Impact | Negative
Civis Rating | Repressed
In the last two months, the blockade of routes and roads has been one of the most used instruments of social protest. According to data from the Ministry of Defense, more than 2000 road blockades have been registered since April 28, which ignited a particularly polarizing public debate.
In this context, Interior Minister Daniel Palacios announced on June 18 that he would modify the Protocol on the use of public force against social protests, approved in January, to exclude from the definition of “peaceful demonstration” those actions that “promote the use of means to temporarily or permanently obstruct roads or infrastructure”, as well as those that “are called for illegitimate purposes, promote violence or stigmatization”. Palacios also defended the legitimate use of force under the principles of “necessity, legality, proportionality and differentiation to neutralize serious damages that affect public order and coexistence”.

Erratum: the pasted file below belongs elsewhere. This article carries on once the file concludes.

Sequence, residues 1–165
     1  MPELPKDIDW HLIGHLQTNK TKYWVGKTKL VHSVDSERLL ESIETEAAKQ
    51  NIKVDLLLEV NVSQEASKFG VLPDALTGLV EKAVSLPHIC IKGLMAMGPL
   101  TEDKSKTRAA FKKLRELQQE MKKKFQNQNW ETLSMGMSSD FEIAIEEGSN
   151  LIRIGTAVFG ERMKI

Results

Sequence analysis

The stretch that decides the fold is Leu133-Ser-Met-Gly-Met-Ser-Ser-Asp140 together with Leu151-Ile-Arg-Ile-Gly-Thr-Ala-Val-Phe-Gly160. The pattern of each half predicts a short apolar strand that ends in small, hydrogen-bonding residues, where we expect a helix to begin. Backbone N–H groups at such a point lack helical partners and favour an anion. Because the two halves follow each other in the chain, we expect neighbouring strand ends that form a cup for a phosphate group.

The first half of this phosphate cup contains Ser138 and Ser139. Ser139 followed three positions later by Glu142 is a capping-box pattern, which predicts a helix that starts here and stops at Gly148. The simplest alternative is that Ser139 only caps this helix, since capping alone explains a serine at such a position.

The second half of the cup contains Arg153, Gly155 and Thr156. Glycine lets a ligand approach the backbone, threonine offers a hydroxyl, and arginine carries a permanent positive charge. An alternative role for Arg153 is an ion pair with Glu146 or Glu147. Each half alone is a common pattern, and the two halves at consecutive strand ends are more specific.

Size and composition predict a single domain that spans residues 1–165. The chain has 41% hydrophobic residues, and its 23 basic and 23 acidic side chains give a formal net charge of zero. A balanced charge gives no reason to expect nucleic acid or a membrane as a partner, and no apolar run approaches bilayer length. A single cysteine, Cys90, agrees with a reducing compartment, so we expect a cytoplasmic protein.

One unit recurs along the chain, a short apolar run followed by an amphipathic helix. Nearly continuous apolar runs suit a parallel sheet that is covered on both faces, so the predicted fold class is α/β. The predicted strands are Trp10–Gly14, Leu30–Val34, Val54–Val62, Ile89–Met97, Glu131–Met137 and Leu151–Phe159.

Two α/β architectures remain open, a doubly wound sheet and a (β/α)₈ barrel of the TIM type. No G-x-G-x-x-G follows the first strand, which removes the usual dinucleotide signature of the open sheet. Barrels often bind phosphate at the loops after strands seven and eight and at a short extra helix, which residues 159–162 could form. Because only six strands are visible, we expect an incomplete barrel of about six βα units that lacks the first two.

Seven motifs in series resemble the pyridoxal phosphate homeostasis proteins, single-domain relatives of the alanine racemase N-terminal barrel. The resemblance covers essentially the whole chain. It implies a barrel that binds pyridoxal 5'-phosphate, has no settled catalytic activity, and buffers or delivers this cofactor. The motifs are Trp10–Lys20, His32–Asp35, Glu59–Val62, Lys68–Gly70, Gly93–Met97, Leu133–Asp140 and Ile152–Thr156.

Civil society organizations published a statement in which they argue that the modification of the decree by executive action would be unconstitutional. According to a 2017 court ruling, the regulation of the right to peaceful protest can only be done via statutory law proceedings, a special legislative procedure. Nor can the Executive Branch unilaterally amend the existing criminal legal framework. The statement also claims that changes of this nature should first be negotiated with civil society.
Faced with these claims, the government desisted from modifying it by decree but did not abandon the bill. In fact, President Iván Duque insisted on inviting Congress to debate an anti-riot and anti-vandalism law to “differentiate peaceful protest from violent acts”. The bill would be presented once the ordinary sessions of Congress resume, next July 20.
Finally, it should be recalled that the Protocol approved in January arose as a response to a judgment of the Supreme Court which, in September 2020, gave rise to a lawsuit filed by a group of citizens, ordering the Executive Branch to review the actions of the security forces. The court then considered that “the systematic, violent, arbitrary and disproportionate intervention of the public forces in citizen demonstrations” had acquired the dimension of a national problem.